The Story of the Very First Porsche 911

There is something absolutely fascinating about old cars. That fascination stems from the story they seem to tell. You look at the vehicle and simply know that its old metallic bodywork and slightly worn out upholstery have seen their fair share of stories in their day. That is why we love watching vintage car parades, reality TV shows about refurbishing used cars and pictures from long ago featuring beautiful old cars. If you dream of Prince Charming coming to sweep you off your feet, forget about him riding in on a white horse. White horses are so passé. A vintage Porsche 911, on the other hand, is a whole story altogether. If you want to learn more about this extraordinary vehicle, read on. And if you’re willing to do some research in order to find out about used car prices, you might just find yourself with a precious gem of a vintage Porsche 911 on your hands. The Porsche 911 is a fascinating tale of yore and passion for technology that has changed the way we look at luxury cars for good.

Auspicious Beginnings

The Porsche 911, initially developed under the name of Porsche 901, was the lovechild of Ferdinand “Butzi” Porsche, the son of the founder of the German auto giant. As he sketched the first projects for the car, he was aiming to create a more powerful, larger and more comfortable version of the Porsche 356. What he did end up creating (and unveiled at the Internationale Automobil-Ausstellung in Frankfurt, in 1963, with a mock-up, non-functional engine), was a car that left everyone mouth agape. The 1960s, the apex of the sexual revolution, shorter skirts and Martinis was the decade that was fully ready and willing to embrace the spunky, powerful and sleek sports car.

Controversy and Scandal

As previously mentioned, the Porsche 911 was supposed to go down in history as the “Porsche 901”. It was not meant to be, and the reason has everything to do with brand identity and brand propriety—but in a way that will strike many as arbitrary and odd to say the least. As Porsche started mass production on their new make of car in early 1964, French automaker Peugeot started protesting that the 82 cars made thus far would not be available for sale in France. Why? Simply enough, because Peugeot had exclusive rights to selling cars whose names were formed by three numbers with a zero in the middle in France. The German giant conceded and changed the name to 911, yet, internally, the cars still carried the 901 prefix, and would continue to do so for years.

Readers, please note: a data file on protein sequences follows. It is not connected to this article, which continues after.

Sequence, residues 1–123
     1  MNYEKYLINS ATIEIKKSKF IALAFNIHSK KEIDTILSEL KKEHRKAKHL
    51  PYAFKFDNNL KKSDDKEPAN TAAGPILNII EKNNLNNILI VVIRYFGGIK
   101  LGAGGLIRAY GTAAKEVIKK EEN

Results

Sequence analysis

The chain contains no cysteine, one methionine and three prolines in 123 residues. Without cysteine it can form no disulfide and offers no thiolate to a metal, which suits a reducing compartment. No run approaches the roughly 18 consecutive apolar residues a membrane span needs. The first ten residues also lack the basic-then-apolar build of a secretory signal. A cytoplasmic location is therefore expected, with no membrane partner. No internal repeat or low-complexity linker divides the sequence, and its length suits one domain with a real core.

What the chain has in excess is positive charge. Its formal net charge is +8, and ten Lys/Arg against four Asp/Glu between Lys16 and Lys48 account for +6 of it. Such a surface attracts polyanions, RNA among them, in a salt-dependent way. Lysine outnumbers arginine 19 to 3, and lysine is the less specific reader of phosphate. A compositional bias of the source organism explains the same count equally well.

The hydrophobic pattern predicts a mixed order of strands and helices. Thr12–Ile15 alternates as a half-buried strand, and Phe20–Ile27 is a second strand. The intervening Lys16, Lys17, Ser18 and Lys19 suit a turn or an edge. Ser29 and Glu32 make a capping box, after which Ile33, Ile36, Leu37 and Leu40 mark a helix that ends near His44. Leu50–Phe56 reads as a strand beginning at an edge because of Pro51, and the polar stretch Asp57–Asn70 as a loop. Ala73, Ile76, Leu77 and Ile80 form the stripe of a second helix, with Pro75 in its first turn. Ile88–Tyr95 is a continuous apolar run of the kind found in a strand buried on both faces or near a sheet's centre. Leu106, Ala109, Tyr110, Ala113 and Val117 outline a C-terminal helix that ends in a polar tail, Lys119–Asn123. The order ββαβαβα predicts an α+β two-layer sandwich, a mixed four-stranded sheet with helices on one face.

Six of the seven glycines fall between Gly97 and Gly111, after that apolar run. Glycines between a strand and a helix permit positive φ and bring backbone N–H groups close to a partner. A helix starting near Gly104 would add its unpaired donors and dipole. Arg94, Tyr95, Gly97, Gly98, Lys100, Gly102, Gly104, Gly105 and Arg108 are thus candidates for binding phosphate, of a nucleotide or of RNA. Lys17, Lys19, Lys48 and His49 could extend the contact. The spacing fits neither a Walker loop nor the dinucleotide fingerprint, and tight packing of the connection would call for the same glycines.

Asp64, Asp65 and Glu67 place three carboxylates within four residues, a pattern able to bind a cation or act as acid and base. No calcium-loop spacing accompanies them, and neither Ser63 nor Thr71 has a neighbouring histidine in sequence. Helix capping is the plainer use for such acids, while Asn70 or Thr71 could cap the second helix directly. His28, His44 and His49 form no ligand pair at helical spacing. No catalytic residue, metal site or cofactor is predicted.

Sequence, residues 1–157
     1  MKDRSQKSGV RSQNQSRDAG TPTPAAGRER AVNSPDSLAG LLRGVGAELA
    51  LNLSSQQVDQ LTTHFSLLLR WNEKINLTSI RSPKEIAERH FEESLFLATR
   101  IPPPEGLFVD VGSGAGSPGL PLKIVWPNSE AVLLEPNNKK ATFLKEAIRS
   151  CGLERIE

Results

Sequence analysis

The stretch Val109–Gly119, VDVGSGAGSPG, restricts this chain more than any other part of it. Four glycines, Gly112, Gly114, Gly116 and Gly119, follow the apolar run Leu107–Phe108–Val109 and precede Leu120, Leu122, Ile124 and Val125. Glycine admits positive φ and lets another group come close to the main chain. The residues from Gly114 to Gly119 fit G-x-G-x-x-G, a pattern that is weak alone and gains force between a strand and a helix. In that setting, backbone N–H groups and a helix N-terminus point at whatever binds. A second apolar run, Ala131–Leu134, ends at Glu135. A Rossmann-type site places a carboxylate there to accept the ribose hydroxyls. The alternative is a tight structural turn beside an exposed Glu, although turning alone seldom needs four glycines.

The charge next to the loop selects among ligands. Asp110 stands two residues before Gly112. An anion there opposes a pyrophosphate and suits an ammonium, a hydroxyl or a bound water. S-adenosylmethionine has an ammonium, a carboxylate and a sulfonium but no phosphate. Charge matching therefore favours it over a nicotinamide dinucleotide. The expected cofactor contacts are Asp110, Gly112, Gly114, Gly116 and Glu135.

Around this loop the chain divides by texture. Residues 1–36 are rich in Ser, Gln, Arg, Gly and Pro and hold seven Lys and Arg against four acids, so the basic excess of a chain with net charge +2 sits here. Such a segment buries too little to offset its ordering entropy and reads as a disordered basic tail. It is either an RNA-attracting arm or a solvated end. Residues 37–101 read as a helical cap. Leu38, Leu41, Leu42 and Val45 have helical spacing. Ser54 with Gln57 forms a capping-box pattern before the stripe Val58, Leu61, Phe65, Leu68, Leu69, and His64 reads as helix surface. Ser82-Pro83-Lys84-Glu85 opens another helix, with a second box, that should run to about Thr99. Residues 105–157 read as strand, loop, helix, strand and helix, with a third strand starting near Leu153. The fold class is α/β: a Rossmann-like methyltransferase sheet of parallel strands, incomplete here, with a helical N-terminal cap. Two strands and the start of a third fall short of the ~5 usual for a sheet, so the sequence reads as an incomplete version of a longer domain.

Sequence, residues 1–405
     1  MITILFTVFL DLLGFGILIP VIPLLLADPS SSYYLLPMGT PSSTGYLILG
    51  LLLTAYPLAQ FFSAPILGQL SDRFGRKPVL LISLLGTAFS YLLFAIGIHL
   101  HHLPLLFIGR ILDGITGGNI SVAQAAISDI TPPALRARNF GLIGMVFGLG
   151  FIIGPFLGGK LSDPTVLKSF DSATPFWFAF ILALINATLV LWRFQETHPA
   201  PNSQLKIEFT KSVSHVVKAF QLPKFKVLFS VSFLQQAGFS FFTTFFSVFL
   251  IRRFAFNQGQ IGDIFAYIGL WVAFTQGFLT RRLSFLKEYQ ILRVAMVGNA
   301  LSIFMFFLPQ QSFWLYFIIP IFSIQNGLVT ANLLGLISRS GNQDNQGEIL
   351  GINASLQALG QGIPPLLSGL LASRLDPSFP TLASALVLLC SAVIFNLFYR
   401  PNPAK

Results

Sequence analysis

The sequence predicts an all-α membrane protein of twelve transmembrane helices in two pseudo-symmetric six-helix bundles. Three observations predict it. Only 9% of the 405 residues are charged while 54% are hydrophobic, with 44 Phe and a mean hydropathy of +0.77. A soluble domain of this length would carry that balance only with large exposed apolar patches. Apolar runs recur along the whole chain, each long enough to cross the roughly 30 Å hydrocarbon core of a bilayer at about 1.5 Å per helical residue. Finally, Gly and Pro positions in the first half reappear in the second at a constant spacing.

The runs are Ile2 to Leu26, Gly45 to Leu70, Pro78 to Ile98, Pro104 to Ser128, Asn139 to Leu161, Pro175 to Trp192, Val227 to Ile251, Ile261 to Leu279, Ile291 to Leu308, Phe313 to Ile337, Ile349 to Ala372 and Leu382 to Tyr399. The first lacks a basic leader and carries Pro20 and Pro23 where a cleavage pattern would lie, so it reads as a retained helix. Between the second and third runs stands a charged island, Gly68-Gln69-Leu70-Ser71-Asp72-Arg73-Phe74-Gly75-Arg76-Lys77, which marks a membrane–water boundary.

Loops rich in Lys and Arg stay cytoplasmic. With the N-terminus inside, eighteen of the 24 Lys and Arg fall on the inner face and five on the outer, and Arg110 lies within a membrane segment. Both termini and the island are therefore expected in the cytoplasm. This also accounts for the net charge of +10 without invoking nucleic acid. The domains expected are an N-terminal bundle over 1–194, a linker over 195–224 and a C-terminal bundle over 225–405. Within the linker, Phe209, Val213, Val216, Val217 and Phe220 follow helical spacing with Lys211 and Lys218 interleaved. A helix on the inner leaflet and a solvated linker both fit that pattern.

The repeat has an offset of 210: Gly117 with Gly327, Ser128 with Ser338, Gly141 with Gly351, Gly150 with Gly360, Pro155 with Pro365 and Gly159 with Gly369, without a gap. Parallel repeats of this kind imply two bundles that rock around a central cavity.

Technical Specs

Production of the rambunctious little car started in September 1964 with the final product hitting the American market in February 1965. The very fist version of the 911 was equipped with a 30 ps (96 kW, or 128 horse-power) flat six engine. The engine featured the “boxer” configuration, just like the Porsche 356 before it. The engine was air-cooled and rear mounted and the car had two normally sized front seats, plus two smaller seats in the back. The car was almost entirely designed by Ferdinand “Butzi” Porsche, the son of the company’s founder, Ferdinand “Ferry” Porsche. Additional design work was put in by Erwin Komenda, the head of the Porsche car body construction department. In 1965, production of the Porsche 356 drew to a close, and the company’s first model of car made room on the scene for the vehicle that was about to change the world…

Time Goes By

The years went by and the car’s increasing popularity prompted a series of upgrades and updates. 1966 saw the introduction of a more powerful 911S, with an more powerful 158 horse power engine. The 1967 Porsche 911 Targa also proved a showstopper. Named after the Targa Florio sports car road race in Sicily, the car actually won the company a couple more wins until 1973. The car’s wheelbase was widened for the 1969 upgrade, fuel injection was added and the lightweight car also gained a discreet spoiler. With the advent of the 1973 Porsce 911 Carrera RS, the story of the classic Porsche 911 was officially over and out. But the legend lived on and continues to do so to this day. So don’t be surprised if the first thing you do, now that you’re done reading, is to head out and go looking for a used Porsche 911. This car is, indeed, the stuff dreams are made on.

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